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Town with a Past - Antwerp

There may only be 50 or so people who call Antwerp home now, but once upon a time, it housed a school, a church, a mission, a eucalyptus distillery company, several thousand sheep, operational wheat silos, a railway siding, general store and a post office.

It was also once home to a grizzly exorcism which took place in 1993, ending in the untimely death of a middle-aged woman named Joan. Her captors, four locals including her husband, and neighbours, thought they were doing the right thing by ridding her of her demons. Through a series of cruel rituals Joan succumbed and her perpetrators were sent off to jail for manslaughter. I'll spare you the shocking and gruesome details but if you do an online search for it, you can read more for yourself.

The funny thing is, my hubby, Rick, and I had joked earlier, that the lonely roads through the Wimmera would make the perfect backdrop for some thriller or murder-mystery movie. Little did we know...

Currently, on this quiet country road halfway between Dimboola and Jeparit in the Wimmera district, nineteen private letterboxes and an Australia Post mailbox stand proud beside a freshly updated bus stop. The house opposite (shown at top), once the general store, has been shown some love with a lick of paint and a spattering of tinsel.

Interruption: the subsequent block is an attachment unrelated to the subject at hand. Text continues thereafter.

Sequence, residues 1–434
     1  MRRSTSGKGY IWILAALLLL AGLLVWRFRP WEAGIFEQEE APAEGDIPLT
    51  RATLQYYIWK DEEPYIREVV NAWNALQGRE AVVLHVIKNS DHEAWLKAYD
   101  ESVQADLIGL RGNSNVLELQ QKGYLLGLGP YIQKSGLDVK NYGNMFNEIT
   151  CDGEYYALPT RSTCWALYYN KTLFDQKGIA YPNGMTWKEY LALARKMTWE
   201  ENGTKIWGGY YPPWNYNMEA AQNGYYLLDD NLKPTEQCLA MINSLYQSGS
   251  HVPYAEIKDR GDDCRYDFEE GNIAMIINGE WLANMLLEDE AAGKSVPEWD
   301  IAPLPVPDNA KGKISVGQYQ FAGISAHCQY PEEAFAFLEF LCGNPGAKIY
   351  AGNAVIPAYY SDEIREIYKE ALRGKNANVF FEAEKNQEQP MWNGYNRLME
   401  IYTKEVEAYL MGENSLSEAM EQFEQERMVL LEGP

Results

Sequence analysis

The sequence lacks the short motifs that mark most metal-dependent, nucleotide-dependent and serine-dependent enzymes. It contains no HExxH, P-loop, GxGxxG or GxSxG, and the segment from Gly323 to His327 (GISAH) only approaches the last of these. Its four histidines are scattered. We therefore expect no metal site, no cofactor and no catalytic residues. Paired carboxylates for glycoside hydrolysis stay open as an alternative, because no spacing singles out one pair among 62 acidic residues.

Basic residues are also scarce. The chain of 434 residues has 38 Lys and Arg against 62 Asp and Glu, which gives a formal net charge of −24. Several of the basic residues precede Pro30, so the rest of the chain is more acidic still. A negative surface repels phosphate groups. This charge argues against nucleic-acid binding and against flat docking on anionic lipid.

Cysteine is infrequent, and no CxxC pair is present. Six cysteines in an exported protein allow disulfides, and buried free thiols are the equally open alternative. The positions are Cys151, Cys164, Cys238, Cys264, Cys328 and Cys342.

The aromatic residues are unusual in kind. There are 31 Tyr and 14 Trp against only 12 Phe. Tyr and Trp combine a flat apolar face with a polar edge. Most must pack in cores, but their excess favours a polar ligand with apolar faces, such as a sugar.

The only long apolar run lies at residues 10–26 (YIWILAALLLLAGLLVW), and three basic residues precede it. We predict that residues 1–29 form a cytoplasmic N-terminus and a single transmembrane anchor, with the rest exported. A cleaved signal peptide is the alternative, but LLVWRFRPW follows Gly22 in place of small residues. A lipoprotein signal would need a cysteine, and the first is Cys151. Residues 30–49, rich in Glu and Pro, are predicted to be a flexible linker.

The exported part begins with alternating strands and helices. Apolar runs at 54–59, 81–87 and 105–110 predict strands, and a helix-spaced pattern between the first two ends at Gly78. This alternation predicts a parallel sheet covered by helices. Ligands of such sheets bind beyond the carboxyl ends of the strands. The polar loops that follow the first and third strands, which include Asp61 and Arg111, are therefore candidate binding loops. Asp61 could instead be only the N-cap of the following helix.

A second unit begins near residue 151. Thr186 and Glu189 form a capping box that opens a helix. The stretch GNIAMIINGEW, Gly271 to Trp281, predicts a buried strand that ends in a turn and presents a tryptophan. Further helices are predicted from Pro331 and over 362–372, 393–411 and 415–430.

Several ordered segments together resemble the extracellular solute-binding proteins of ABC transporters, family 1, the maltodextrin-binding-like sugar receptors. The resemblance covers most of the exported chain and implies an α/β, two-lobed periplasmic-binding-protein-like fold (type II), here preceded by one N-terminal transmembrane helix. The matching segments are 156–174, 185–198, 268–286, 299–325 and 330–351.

As a photographer, it is one of those places where you slam on the brakes, pull the car over and drool at the numerous photo opportunities. A 360 degree turn at the quirky crossroads, gives you a choice of the now-abandoned silos and siding, of course, the letterbox, and, just over the railway tracks, an abandoned Methodist church.

What we also didn't know at the time, a two-kilometre drive toward the river would've resulted in us finding more abandoned ruins - an old mission, first set up to "christen" the local Wergaia indigenous tribe, by two Moravian missionaries, Reverend Friedrich Hagenauer and Reverend Spieseke, in 1858.

Antwerp was named after the Belgian birthplace of Horatio Ellerman, the original settler of the area, who, along with his mate, George Shaw, were granted 130,000 acres in 1846 to graze sheep. To me, though, this dusty siding will remain etched in my brain as a colourful quirky corner of authentic Australia. Glad I drove through it, but glad I didn't know about the abandoned (apparently haunted) farmhouse with the stranger-than-fiction murky past 'til I was long home.


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